The door for social services normally gets locked around three, and we in our exhaustion of having seen so many that day forgot to lock it. We were doing a debrief and sitting for the first time when Chelsea walked in.
She was an enigma to me from the start. She looked put together, nice outfit, hair done up in an old school chignon, but that all stopped when you got to her eyes. She was exhausted.
“I just got out of jail” she explained, “made some dumb decisions about drugs again.
Now I have no place to go. No one trusts me. My grandma had to bail me out of jail,” she exclaimed. Self-reproach loud in her tone. “My grandma! Can you believe that?
I don’t know where I am going to go.” Grandma is not an option for obvious reasons.
I explained to her that all the motels we had vouchers for were full for that night. We had a particularly busy day with people needing a safe, dry place to sleep. There are only two shelters in our city, and one is men’s only. The other is for families, single women, and children, and so the waiting list is long.
Having delivered the news of no shelter for that night, she sighed and then her story came, as they always do. She was in a methadone program and decided to use once more. She was “released” from the methadone program and in her anger, she decided to use even more. Which meant stealing from her boyfriend in order to get a fix.
I asked her how long she has been clean. Two weeks was the answer.
“Detoxing”? I asked.
“Just the runs”. she replies.
She assures me she is on the other side of the worst, and I trust her, she is the expert.
“The thing is”, she tells me, “I hate drugs, but I want to use. I want to use right now. And you know why? I don’t want to feel! I feel everything way too much. I keep using because I am too sensitive. I get hurt too easily. I feel everything and I want to just stop feeling.” I told her I get it, and I do.
I ask her about mental illness. “Bi-polar,” she tells me, “and off my meds for a long time. I hate those things,” she spits out after a long pause.
“Who brought you here”? I ask her. “My boyfriend. He still cares, he still wants me safe. He loves me, but I can’t stay with him. Because of me stealing from him, he could not pay his rent and was evicted. He is crashing on a friend’s floor. Jesus”, she says, shaking her head. She puts her head down. “Sleeping on a floor, a grown man, because of me. And he still loves me. Doesn’t trust me though. Why should he?”
I ask her about family she could stay with. “My sister is in NA, she is recovering from meth. Even got her teeth back. That shit is working for her. But she can’t have me there, I am not a sure bet yet, you know?”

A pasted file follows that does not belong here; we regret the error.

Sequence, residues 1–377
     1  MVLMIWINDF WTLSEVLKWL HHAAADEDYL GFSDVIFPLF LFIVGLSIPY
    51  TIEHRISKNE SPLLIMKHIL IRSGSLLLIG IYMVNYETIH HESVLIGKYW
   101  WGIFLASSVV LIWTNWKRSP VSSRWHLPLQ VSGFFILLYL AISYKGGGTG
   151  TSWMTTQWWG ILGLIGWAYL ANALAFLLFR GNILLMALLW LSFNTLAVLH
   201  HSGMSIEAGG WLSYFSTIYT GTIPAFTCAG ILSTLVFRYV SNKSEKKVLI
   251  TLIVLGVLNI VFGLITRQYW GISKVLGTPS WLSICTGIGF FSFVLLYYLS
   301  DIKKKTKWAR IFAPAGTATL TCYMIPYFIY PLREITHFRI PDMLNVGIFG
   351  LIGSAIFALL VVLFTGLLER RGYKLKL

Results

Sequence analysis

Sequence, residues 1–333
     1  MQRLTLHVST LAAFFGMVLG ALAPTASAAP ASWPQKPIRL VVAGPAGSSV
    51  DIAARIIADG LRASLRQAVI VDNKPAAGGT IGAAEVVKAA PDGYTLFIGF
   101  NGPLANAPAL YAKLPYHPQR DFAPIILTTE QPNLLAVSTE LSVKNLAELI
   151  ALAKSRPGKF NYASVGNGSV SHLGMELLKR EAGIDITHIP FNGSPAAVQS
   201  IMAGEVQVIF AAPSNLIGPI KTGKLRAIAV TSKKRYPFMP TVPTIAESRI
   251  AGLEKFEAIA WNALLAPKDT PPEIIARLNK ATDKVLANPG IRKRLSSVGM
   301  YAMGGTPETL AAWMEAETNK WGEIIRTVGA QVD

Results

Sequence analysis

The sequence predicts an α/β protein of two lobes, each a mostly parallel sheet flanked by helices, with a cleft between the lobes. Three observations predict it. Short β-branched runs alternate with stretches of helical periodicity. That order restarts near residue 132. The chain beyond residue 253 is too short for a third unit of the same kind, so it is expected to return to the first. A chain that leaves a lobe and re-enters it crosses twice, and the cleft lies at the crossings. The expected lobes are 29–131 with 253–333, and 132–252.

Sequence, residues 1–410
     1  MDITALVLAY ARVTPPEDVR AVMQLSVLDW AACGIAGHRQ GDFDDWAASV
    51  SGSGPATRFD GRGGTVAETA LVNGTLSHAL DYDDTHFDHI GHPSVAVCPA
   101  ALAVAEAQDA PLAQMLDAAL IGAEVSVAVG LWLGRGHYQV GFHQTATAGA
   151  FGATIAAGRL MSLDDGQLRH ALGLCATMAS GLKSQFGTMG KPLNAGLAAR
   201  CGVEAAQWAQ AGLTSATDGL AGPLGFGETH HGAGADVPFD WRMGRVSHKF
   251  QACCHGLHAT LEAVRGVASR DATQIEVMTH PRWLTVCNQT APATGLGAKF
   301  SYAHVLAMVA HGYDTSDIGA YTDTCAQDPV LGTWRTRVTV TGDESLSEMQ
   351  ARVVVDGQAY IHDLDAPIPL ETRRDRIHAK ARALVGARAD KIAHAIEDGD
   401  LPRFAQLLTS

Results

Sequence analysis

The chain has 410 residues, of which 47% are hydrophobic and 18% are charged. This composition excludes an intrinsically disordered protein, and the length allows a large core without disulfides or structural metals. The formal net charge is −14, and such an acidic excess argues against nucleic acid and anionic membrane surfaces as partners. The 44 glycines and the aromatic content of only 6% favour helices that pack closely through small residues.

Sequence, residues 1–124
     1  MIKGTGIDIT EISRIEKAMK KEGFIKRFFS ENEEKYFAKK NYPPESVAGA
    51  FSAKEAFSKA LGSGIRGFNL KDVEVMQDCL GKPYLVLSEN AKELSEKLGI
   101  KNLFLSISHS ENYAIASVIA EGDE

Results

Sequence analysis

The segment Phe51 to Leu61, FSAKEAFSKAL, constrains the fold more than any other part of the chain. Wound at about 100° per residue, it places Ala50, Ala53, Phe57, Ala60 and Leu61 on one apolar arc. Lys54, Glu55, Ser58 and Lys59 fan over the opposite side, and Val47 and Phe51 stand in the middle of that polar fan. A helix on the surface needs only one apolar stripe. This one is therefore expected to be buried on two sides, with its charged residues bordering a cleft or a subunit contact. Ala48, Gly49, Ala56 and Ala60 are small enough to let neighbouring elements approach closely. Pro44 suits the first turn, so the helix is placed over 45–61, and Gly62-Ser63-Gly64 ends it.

She starts looking through our rack of free bread. “Can I really take anything?” She asks. “Sure can,” I say, “take as much as you want.”
“This is expensive shit! I love raisin bread. I am taking two if you don’t care.” I assure her we don’t.
Quietly, I hear her whisper, “I just want my mom.”
My heart is pierced through. Having lost my mom two years ago, I feel the weight of the longing in her words. “Sometimes,” I tell her, “we need them more than anything else.”
She looks at me with the harried look of a survivor, “ya well, mine is killing herself in California with meth. She’s been doing that her whole life. What I want does not exist.”
With those words, I feel for a moment, the futility of the help I can offer her. For a moment I feel the full weight of the outlook of her life. I can’t stay there, it is literally my job to assure her that there is hope, and that is my job even when I can’t quite see it yet.
As she fills up her bag with bread, I ask her if she will come back the next day to see me. I promise her that I will get her the places and times of NA meetings and that we can work on getting her into the shelter. I ask her to not use that night and she promises me she won’t. “I am done with that shit!” she spits out. And oh, how much I want to believe that is true.
She is with me on the drive home, as surely as if she was sitting there. She is with me as I try to sleep.
The resources are so few. Every day we see so many people like her, and it is literally like throwing bread to the seagulls on the beach. You throw out your crumbs and they swarm and then fly off, and there is nothing left for the ones that arrived a second too late. Chelsea was just so fragile, and I knew that she got put together to come in and see me, she did her hair and somehow got herself together and that act was her one courageous act of hope, and I sent her off with a bag of bread.
I think as long as I am here, I will pray she shows up again. I will pray she does not become another grim statistic. I have resources put together for her. I will be there with my crumbs of hope if she can make it back through my doors.
Karen Cassidy (firstname.lastname@example.org)
Karen is a mother of three amazing adult children. She works for a non-profit organization that serves some of the most marginalized and vulnerable individuals. She is passionate about people and believes every person has a story just waiting to be told.